An LMI Approach to Iterative Learning Control Based on JITL for Batch Processes Liuming Zhou and Li Jia(&) Shanghai Key Laboratory of Power Station Automation Technology, Department of Automation, College of Mechatronics Engineering and Automation, Shanghai University, Shanghai 200072, China jiali@staff.shu.edu.cn Abstract. In this paper, in order to linearize the nonlinear model of batch processes, a batch process is modeled by just in time learning (JITL) method and dynamic updating locally linear model parameters along batch cycle is also proposed. Considering that the error between the actual model and the prediction model, iterative learning control strategy based on a quadratic performance criterion is proposed and the system controller is solved by linear matrix inequality (LMI) method. Moreover the convergence of tracking error based on ILC is also analyzed and the conditions of convergence is proposed. In order to satisfy the condition, a novel ILC method based on JITL is proposed. To improve the convergence speed, this paper further uses of ILC based on nominal trajectory. As a result, the simulation results show that the system has better accuracy of output. It provides a new way for the control of batch processes. Keywords: Batch processes Iterative learning control (ILC) inequality (LMI) Just in time learning (JITL) Linear matrix 1 Introduction Modern process industry is gradually developing from the production of large quantities and basic materials to the production of small quantities, many varieties and serialization. Batch processes have the characteristics of small batch and multi production, which meets the requirements of modern process industries. It plays more and more important roles in many manufacturing ﬁelds [1, 2]. Although batch processes have been widely used in industry, there are no steady working points in batch processes, which has characteristic of highly nonlinearity. These characteristics determine that the control of batch processes is more complicated than that of continuous process control, so it needs new non-traditional technologies. The idea of iterative learning control is very suitable for the optimal control of batch processes [3, 4]. It uses the previous control experience and the output error to correct the current output of control. The actual output trajectory of the controlled system converges to the desired output trajectory in a ﬁnite time interval. Because of batch processes have the characteristic of repetitive motion, iterative learning control is widely used in batch processes. It realizes improved tracking and control optimization [5, 6].The LMI technique has become a useful tool for solve © Springer Nature Singapore Pte Ltd. 2017 D. Yue et al. (Eds.): LSMS/ICSEE 2017, Part II, CCIS 762, pp. 212–222, 2017. DOI: 10.1007/978-981-10-6373-2_22 An LMI Approach to ILC Based on JITL for Batch Processes 213 control problem. With the wide application of LMI, more and more scholars apply the LMI method to the batch processes. Ghaffari proposed a robust predictive control approach for additive discrete time uncertain nonlinear systems. A sufﬁcient state feedback synthesis condition is provided in the form of a LMI optimization and is solved online at each time step [7]. Wang proposed a closed-loop robust iterative learning fault-tolerant guaranteed cost control scheme for batch processes with actuator failures [8]. However, most papers just consider model is linear or not consider the error between actual model and predict model. How to address these problems is worth studying. To solve this problem, inspired by JITL technology, we ﬁrst translate the nonlinear model into the locally linear model. Considering the model error, we present a design method of control system and propose a quadratic performance criterion for locally linear model. Since model error is uncertain, we introduce LMI techniques to design ILC algorithms. Control law is solved by LMI method. The paper is structured as follows. Batch processes are modeled based on JITL technology in Sect. 2. Section 3 presents the proposed ILC control system, and the controller is obtained by solving the optimal problem. In Sect. 4, the convergence of the system is analyzed and Sect. 5 gives a simulation example. In the end, the concluding remarks is given in Sect. 6. 2 Locally Linear Model for Batch Processes 2.1 Batch Processes System Description The batch length of batch processes is tf, which can be divided into T equal intervals, and deﬁne that U k ¼ ½uk ð1Þ; ; uk ðTÞT and Y k ¼ ½yk ð1Þ; ; yk ðTÞT respectively are a vector of control input and product quality variables during k-th batch, where k denotes the batch.y 2 Rn and u 2 Rm represent the product quality and control action variables, respectively. In this paper, the nonlinear model can be represented as follow ^yk ðt þ 1Þ ¼ f ½yk ðtÞ; yk ðt 1Þ; ; yk ðt ny þ 1Þ; uk ðtÞ; uk ðt 1Þ ; uk ðt nu þ 1Þ ð1Þ where ny and nu are related to the order of the model. 2.2 Just-in-Time Learning As shown in the Fig. 1, system predictive output can be obtained by JITL technology. Firstly, relevant data are obtained by similarity calculation between current query data and sample data in database. Secondly, we can get locally linear model based on relevant data. Lastly, system model output can be obtained based on the current input data and the locally model. In this paper, the distance and angle information between samples are considered simultaneously. The Euclidean distance and the angle are weighted as a measurement of similarity between samples, so that we can obtain the neighborhood data of the model. 214 L. Zhou and L. Jia Fig. 1. Just-in-time learning model Sample sets in database are consist of N process data ½y; Xi ¼ ½yi ; Xi1 ; Xi2 ; Xi3 . . . (i = 1, 2,…, n) and input sample point X q ¼ ½Xq1 ; Xq2 ; Xq3 . . .. The formulas of similarity calculation are as follows vﬃﬃﬃﬃﬃﬃﬃﬃﬃﬃﬃﬃﬃﬃﬃﬃﬃﬃﬃﬃﬃﬃﬃﬃﬃﬃﬃﬃﬃﬃ u N uX dðX q ; X i Þ ¼ t ðXqi Xij Þ2 ð2Þ j¼1 DXTq DXi cos hi ¼ DXq kDXi k 2 2 si ¼ k pﬃﬃﬃﬃﬃﬃﬃﬃﬃﬃﬃﬃﬃﬃﬃﬃﬃﬃﬃ edðXq Xi Þ þ ð1 kÞ cos hi ; cos hi 0 ð3Þ ð4Þ where DX q ¼ X q X q1 , DXi ¼ Xi X i1 , h is angle between DX q and DX i , k is weight coefﬁcient, which influence the model precision. Si is similarity between DX q and DX i . The larger the value of si , the greater similarity of samples. A weight wi is assigned to each data Xi and it is calculated by the kernel function, pﬃﬃﬃﬃﬃﬃﬃﬃﬃﬃﬃﬃﬃﬃﬃﬃﬃﬃﬃﬃﬃﬃﬃﬃﬃﬃﬃﬃ wi ¼ Kðdðxq ; xi ÞÞ=h, where h is the bandwidth of the kernel function K that normally 2 uses a Gaussian function, KðdÞ ¼ ed , the predict value is ^yq ¼ X Tq ðPT PÞ1 PT v ð5Þ where P = WU, v = Wy, W2RNXN is a weight matrix with diagonal elements wi, U = RNXN is the matrix with every row corresponding to XTi and y ¼ ½y1 ; y2 ; . . .; yN T . We can obtain the database by collect input and output data and select the appropriate modeling neighborhood by similarity between samples. The locally model for JITL can be represented by the ARX model and it can be described as follow ^yðtÞ ¼ ½yðt 1Þ; yðt 2Þ; . . .; yðt ny Þ; uðt 1Þ; uðt 2Þ; . . .; uðt nu ÞZ where Z ¼ ½n1 ; n2 ; . . .; nny þ nu T ð6Þ An LMI Approach to ILC Based on JITL for Batch Processes 215 So we obtain the model of batch processes by the JITL technology. In order to simplify the model, we select a two-order model with ny = nu = 2. It can be written as follow ^yðtÞ ¼ a1 yðt 1Þ þ a2 yðt 2Þ þ b1 uðt 1Þ þ b2 uðt 2Þ ð7Þ 3 Design of Control Strategy Based on LMI As show in Fig. 2, due to the influence of external disturbance, uncertainty and linearization error. The locally linear model is impossible to approach the real system completely. There is a certain deviation between the predicted value and the actual output value. It can be written as follows ~ek ðtÞ ¼ yd ðtÞ ~yk ðtÞ ¼ yd ðtÞ ð^yk ðtÞ þ að^ek ðtÞ þ h^ek ðtÞÞÞ ð8Þ Fig. 2. Structure of optimal control system where h is uncertain parameters and satisfy h hW q. ^e is model prediction errors of the previous batch as follow ^ek þ 1 ðtÞ ¼ yk ðtÞ ^yk ðtÞ ð9Þ Quadratic object function is as follow min max J ¼ k~ek þ 1 ðt þ 2Þk2Q þ kDuk þ 1 ðt þ 1Þk2R Duk þ 1 h2U 0t N ð10Þ where Duk þ 1 ðtÞ ¼ uk þ 1 ðtÞ uk ðtÞ. The constraint of control input in industry application is as follow ulow uk þ 1 ðtÞ uup Equation (11) can be written as follow ð11Þ 216 L. Zhou and L. Jia Y Duk þ 1 Pk þ 1 ð12Þ where Y ¼ ½I Pk ¼ I T ulow uk ðuup uk Þ ð13Þ ð14Þ Lemma 1 [9]: If there exist ~y 2 Rm , such that r1 ð~yÞ [ 0 for r1 ðyÞ ¼ yT Q1 yþ 2sT1 y þ r1 0, the following two conditions are equivalent S1: if for every y such that r1 ðyÞ [ 0, r1 ðyÞ ¼ yT Q1 y þ 2sT1 y þ r1 0 ð15Þ S2: there exist s 0, such that the following linear matrix inequality is feasible Q0 sT0 s0 Q þ s T1 r0 s1 s1 0 r1 ð16Þ Theorem 1: For a given system (7), the quadratic object function (10) is equivalent to min k subject to 2 k sðq hT W hÞ 6 6 4 Q Duk Pk shT W sW 3 YðDuk þ 1 Þ ZðDuk þ 1 Þ 7 X 0 70 5 I 0 I ð17Þ where X, Y, Z is as follows X ¼ Q2 ah^ek þ 1 ðt þ 2Þ 1 ð18Þ 1 YðDuk þ 1 Þ ¼ Q2 ða^eðt þ 2Þ ða1 yk þ 1 ðtÞ þ a2 yk þ 1 ðt þ 2Þ þ b1 ðuk ðtÞÞ þ b2 ðuk ðt þ 1Þ þ Duk þ 1 ðt þ 1ÞÞÞ ZðDuk þ 1 Þ ¼ DuTk þ 1 ðt þ 1ÞRDuk þ 1 ðt þ 1Þ ð0 t NÞ ð19Þ ð20Þ An LMI Approach to ILC Based on JITL for Batch Processes 217 Proof. The quadratic objective performance function can be written as ~eTk þ 1 ðt þ 2ÞQ~ek þ 1 ðt þ 2Þ þ DuTk þ 1 ðt þ 1ÞRDuk þ 1 ðt þ 1Þ ¼ ðek þ 1 ðt þ 2Þ a^ek þ 1 ðt þ 2Þ ah^ek þ 1 ðt þ 2ÞÞT Qðek þ 1 ðt þ 2Þ a^ek þ 1 ðt þ 2Þ ah^ek þ 1 ðt þ 2ÞÞ þ DuTk þ 1 ðt þ 1ÞRDuk þ 1 ðt þ 1Þ 1 2 1 2 1 ¼ aQ2 h^ek þ 1 ðt þ 2Þ þ Q2 ða^ek þ 1 ðt þ 2Þ ek þ 1 ðt þ 2ÞÞ þ R2 Duk þ 1 ðt þ 1Þ 2 2 ð21Þ deﬁne X, Y, Z as show in Eqs. (18)–(20). The min-max problem is equivalent to min k kXh þ YðDuk þ 1 Þk22 þ kZðDuk þ 1 Þk22 k ð22Þ n o 8h hjh hW q ð23Þ Equation (23) can be rewritten as T 1 q hT W h h W h hT W W 1 0 h ð24Þ So according to Eq. (21), we get T 1 k kYðDuk þ 1 Þk22 kZðDuk þ 1 Þk22 h X T YðDuk þ 1 Þ YðDuk þ 1 ÞT X X T X 1 0 h ð25Þ Using the Lemma 1, we have if there exist a scalar t > 0 such that T 1 k kYðDuk þ 1 Þk22 kZðDuk þ 1 Þk22 sðq hT W hÞ YðDuk þ 1 ÞT X sð hT WÞ 1 0 h h X T YðDuk þ 1 Þ sW h X T X þ sW ð26Þ Thus k kYðDuk þ 1 Þk22 kZðDuk þ 1 Þk22 sðq hT W hÞ YðDuk þ 1 ÞT X sð hT WÞ 0 X T YðDuk þ 1 Þ sW h X T X þ sW ð27Þ Using the schur complements theorem, we have 218 L. Zhou and L. Jia 2 k sðq hT WhÞ 6 6 4 shT W sW 3 YðDuk þ 1 Þ ZðDuk þ 1 Þ 7 X 0 70 5 I 0 I ð28Þ This is a LMI in regard to Duk þ 1 , so the input increment Duk þ 1 can be obtained by solving LMIs, and the input of iterative learning control system can be written as follow uk þ 1 ðt þ 1Þ ¼ Duk þ 1 ðt þ 1Þ þ uk ðt þ 1Þ ð29Þ 4 Convergence Analysis Theorem 2: Consider a batch process described by Eq. (7). The optimal iterative control policy will converge to a constant along batch cycle under the condition (30), namely Duk ¼ uk þ 1 uk ! 0 as k ! 1. Gk uk þ ^ek ðhÞ Gk þ 1 uk þ ^ek þ 1 ðhÞ ð30Þ where ek þ 1 ðhÞ ¼ ^ek þ h^ek and the locally linear model can be written as yk ¼ Gk uk Proof. The error update model is described as follow ek þ 1 ¼ yd ^yk þ 1 ¼ ek þ ^yk ^yk þ 1 ¼ ek ðGk þ 1 uk þ 1 Gk uk Þ ð31Þ According to Eq. (30), we get ek þ 1 ^ek þ 1 ðhÞ ek ðGk þ 1 uk þ 1 Gk þ 1 uk Þ ^ek ðhÞ ¼ ek Gk þ 1 Duk þ 1 ^ek ðhÞ ð32Þ Then the objective function in Eq. (10). J ¼ ðek þ 1 ek þ 1 ðhÞÞT Qðek þ 1 ek þ 1 ðhÞÞ þ DuTk þ 1 RDuk þ 1 ðek Gk þ 1 Duk þ 1 ^ek ðhÞÞT Qðek Gk þ 1 Duk þ 1 ^ek ðhÞÞ þ DuTk þ 1 RDuk þ 1 ¼ DuTk þ 1 ðGTk þ 1 QGk þ 1 þ RÞDuk þ 1 2ðek ^ek ðhÞÞT QGk þ 1 Duk þ 1 þ ðek ^ek ðhÞÞT Qðek ^ek ðhÞÞ ð33Þ deﬁne as Fðek Þ ¼ min max J Duk þ 1 h2U ð34Þ An LMI Approach to ILC Based on JITL for Batch Processes 219 Assume h is the optimizer of min-max problem for the previous batch, since ek þ 1 ¼ ek with Duk þ 1 ¼ 0, we have Fðek Þ ðek ^ek ðhÞÞT Qðek ^ek ðhÞÞ ðek ^ek ðh ÞÞT Qðek ^ek ðh ÞÞ Fðek1 Þ DuTk RDuk ð35Þ According to Eq. (35), we get Fðek Þ þ k X DuTj RDuj Fðe0 Þ ð36Þ j¼1 We have the conclusion that Duk ! 0 as k ! 1, and thus fuk g converges. The dynamic model update based on JITL technology is proposed in the paper. But the optimal iterative control policy converges under constraint condition (30). In order to satisfy condition, we proposed novel ILC Algorithm as follows Step 1: Initialization. Let k = 1 and initialize U1 ,^e1 and parameters Q and R. Step 2: We can get model Gk by using JITL technology and update the model based on previous input and output. Step 3: Calculate ﬁst time input uk ð1Þ by the theorem 1, then we can get input uk0 ð1Þ such that yd ð2Þ yk0 ð2Þ\d, where d is small scalar. Step 4: We can get second time model Gk by using previous k0-th batch input and output, thus we can get second time input uk0 ð2Þ by the method which step 2 and step 3 shows. Step 5: Increase time by 1 and until end time. Remark1. The above-mentioned method can ensure the condition (30) by getting the ﬁrst time input to end time input. The paper gets system model by JITL technology based on similarity between input data and sample sets, so we can reduce the number of input data change, and thus we can get controller by above ILC algorithm. Although above-mentioned method can ensure the condition (30), but since initial value of U1 is set to 0, the algorithm convergence speed is slowly. In order to solve this problem, we can ﬁrst get nominal trajectory by using Theorem 1 where Duk þ 1 2 Rn 1 and X ¼ Q2 ah^ek þ 1 ðtf Þ and set it as initial value. Then we can perform the algorithm step 2 to step 5 based on nominal trajectory. 5 Example The algorithm presented in this paper is applied to a typical batch reactor, in which a k1 k2 ﬁrst-order irreversible exothermic reaction A ! B ! C takes place. This reaction process are described by the dynamic equations as follows 220 L. Zhou and L. Jia x_ 1 ¼ k1 expðE1 =TÞx21 x_ 2 ¼ k1 expðE1 =TÞx21 k2 expðE2 =TÞx2 ð37Þ where x1 and x2 respectively represent the reactant concentration of A and B, and T denote the reaction temperature. The values of parameter k1 , k2 , E1 and E2 are given in Table 1. Table 1. Parameter values for the batch reactor Parameter k1 k2 E1 E2 Value 4.0 6.2 2.5 5.0 103 105 103 103 In this simulation, the reactor temperature is normalized by using u ¼ ðT Tmin Þ= ðTmax Tmin Þ, where Tmin and Tmax are 298(K) and 398(K), respectively.u is the control variable conﬁned by 0 u 1, and x2 ðtÞ is the output signal. The control objective is control concentration of B at the end-time by adjusting input u of system. The initial batch input U = 0 and system output approximate to ydðtf Þ ¼ 0:61. In order to verify the convergence, we ﬁrst set different run number according to different time and we can get each moment input increment as batch increase. The ﬁgures are as follows (Fig. 3). Fig. 3. The curves of each time input increment From the above diagram, we can see input increment convergence to zero. According to step 1 to step 5, we can get control output and error of the terminal point by calculating. The ﬁgure of control output trajectories based on zero initial value at 5th, 10th, 30th and 50th batches and error of the terminal point as batch increase are as follows (Fig. 4). An LMI Approach to ILC Based on JITL for Batch Processes 221 Fig. 4. The control output trajectories at 5th, 10th, 30th and 50th batches based on zero initial value and the curve of error based on zero initial value The ﬁgure of control output trajectories based on nominal trajectory at 1st, 5th, 15th and 30th batches and error of the terminal point as batch increase are as follows (Fig. 5). Fig. 5. The control output trajectories at 1st, 5th, 15th and 30th batches based on nominal trajectory and the curve of error based on nominal trajectory Seen from the chart of the simulation, the algorithm based on nominal trajectory has faster convergence speed. The proposed control strategy based on LMI and JITL was compared with tradition iterative learning control(ILC) strategy [10],which is the representative method in batch processes control. The ﬁnal output error values can be seen from Table 2. It is clear that the proposed control strategy has faster convergence rate and yields a more accurate ﬁnal output than that obtained by traditional ILC. Table 2. Final output error value based on two controller systems Methods 1st batch 20th batch 35th batch 50th batch −2 9.0 10−4 1.4 10−4 5.2 10−5 The proposed control strategy 1.0 10 −1 Tradition iterative learning control 1.1 10 1.6 10−3 1.5 10−3 1.5 10−3 222 L. Zhou and L. Jia Remark2. The convergence of control algorithm is strictly proved and tracking performance is analyzed in this paper. The proposed control system verify that perfect tracking can be attained. The simulation has indicated that this method has greatly improved the accuracy of system output. The proposed control strategy was applied to a simulation example and the results demonstrate that the control system has good tracking performance. 6 Conclusion This paper ﬁrst gives locally linear model based on JITL method, thus it realizes that nonconvex optimization problem of nonlinear system is translated into convex optimization problem of linear system. Then we proposed a novel ILC algorithm which ensure convergence of control input. In addition, this paper gives design method of the controller based on LMI method and studies performance of convergence. The simulation studies show the proposed algorithm have better tracking performance. References 1. Yu, X.D., Xiong, Z.H., Huang, D.X., et al.: Model-based iterative learning control for batch processes using generalized hinging hyperplanes. Ind. Eng. Chem. Res. 52(4), 1627–1634 (2014) 2. Zhang, R., Jin, Q., Gao, F.: Design of state space linear quadratic tracking control using GA optimization for batch processes with partial actuator failure. J. Process Control 26, 102–114 (2015) 3. Xiong, Z.H., Zhang, J., Wang, X., Xu, Y.M.: Integrated tracking control strategy for batch processes using a batch-wise linear time-varying perturbation model. IET Control Theory Appl. 1(1), 178–188 (2007) 4. Lee, J.H., Lee, K.S.: Iterative learning control applied to batch processes: an overview. Control Eng. Pract. 15(10), 1306–1318 (2007) 5. Liu, T., Wang, X.Z., Chen, J.: Robust PID based indirect-type iterative learning control for batch processes with time-varying uncertainties. J. Process Control 24(12), 95–106 (2014) 6. Chen, C., Xiong, Z.H., Zhong, Y.: Design and analysis of integrated predictive iterative learning control for batch process based on two-dimensional system theory. Chin. J. Chem. Eng. 22(7), 762–768 (2014) 7. Ghaffari, V., Naghavi, S.V., Safavi, A.A.: Robust model predictive control of a class of uncertain nonlinear systems with application to typical CSTR problems. J. Process Control 23(4), 493–499 (2013) 8. Wang, L., Chen, X., Gao, F.: An LMI method to robust iterative learning fault-tolerant guaranteed cost control for batch processes. Chin. J. Chem. Eng. 21(4), 401–411 (2013) 9. Boyd, S., Ghaoui, L.E., Feron, E., Balakrishnan, V.: Linear Matrix Inequalities in System and Control Theory. SIAM, Philadelphia (1994) 10. Jia, L., Shi, J.P., Chiu, M.S.: Integrated neuro-fuzzy model and dynamic R-parameter based quadratic criterion-iterative learning control for batch process control technique. Neurocomputing 98(18), 24–33 (2012)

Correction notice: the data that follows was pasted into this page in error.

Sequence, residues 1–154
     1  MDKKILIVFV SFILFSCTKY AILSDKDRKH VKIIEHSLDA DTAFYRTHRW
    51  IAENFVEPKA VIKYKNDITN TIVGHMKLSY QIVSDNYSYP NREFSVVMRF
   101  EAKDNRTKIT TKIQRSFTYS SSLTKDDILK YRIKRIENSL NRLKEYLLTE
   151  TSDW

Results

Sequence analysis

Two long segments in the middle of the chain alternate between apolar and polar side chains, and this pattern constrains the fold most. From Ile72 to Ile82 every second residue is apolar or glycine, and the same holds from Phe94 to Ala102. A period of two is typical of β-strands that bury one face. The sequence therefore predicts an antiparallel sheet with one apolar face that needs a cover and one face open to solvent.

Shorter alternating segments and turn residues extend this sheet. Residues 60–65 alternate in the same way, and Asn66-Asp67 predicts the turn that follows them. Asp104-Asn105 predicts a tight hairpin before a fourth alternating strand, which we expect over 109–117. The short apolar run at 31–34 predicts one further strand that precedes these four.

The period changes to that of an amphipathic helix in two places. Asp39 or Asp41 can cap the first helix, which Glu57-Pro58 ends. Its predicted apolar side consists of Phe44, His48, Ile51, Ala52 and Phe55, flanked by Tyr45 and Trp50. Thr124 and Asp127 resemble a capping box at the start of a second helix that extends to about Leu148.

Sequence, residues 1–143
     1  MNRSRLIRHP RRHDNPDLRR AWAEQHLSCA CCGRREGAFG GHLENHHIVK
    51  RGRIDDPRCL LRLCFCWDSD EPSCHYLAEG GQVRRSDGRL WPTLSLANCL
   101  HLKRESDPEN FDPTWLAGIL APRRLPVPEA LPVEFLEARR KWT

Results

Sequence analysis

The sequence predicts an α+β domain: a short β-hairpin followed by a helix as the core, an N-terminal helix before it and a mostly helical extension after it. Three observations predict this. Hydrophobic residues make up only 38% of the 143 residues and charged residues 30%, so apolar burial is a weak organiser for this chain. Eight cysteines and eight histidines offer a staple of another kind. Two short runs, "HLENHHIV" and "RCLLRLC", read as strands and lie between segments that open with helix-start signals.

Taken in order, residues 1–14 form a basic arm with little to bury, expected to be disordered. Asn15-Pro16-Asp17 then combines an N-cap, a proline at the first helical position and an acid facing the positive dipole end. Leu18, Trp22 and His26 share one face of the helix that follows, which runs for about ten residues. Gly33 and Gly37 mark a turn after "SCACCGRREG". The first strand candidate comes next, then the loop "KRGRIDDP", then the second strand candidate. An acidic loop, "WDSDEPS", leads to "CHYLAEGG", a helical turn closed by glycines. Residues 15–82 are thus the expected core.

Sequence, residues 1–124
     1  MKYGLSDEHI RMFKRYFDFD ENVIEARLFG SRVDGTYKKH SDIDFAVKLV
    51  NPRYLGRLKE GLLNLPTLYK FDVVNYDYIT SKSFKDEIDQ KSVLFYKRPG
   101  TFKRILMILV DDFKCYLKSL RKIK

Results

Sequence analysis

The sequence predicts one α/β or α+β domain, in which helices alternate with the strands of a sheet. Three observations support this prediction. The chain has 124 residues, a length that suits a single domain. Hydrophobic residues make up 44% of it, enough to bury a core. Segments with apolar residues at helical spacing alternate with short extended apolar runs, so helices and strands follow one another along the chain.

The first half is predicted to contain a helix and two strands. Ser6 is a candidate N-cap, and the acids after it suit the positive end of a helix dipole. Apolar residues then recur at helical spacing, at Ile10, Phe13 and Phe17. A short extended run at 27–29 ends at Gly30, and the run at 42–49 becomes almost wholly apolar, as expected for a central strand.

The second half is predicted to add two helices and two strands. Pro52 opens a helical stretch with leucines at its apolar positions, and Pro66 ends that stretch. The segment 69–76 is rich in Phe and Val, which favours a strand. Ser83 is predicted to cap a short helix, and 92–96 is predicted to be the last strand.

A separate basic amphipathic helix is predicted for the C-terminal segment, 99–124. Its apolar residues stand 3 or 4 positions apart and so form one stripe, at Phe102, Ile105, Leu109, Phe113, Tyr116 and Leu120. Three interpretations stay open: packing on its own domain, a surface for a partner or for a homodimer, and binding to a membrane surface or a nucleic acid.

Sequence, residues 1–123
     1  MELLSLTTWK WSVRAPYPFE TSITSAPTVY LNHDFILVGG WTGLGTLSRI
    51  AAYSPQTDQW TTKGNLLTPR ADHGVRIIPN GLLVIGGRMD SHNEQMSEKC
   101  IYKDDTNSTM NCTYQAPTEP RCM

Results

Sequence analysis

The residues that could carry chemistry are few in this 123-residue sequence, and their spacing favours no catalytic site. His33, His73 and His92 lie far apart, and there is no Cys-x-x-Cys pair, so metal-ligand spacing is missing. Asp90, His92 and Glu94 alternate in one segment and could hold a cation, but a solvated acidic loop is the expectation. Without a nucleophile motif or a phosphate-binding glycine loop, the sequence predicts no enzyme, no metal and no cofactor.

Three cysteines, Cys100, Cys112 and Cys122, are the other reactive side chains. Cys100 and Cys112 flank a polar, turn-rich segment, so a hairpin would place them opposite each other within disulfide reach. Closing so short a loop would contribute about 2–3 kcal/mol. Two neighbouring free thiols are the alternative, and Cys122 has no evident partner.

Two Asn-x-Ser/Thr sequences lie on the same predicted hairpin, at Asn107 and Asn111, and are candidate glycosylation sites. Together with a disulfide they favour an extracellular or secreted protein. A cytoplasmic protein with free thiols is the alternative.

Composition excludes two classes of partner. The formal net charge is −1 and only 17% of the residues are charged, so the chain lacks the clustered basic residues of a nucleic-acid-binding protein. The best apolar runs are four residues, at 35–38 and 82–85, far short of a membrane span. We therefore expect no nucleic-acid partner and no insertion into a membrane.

1/--страниц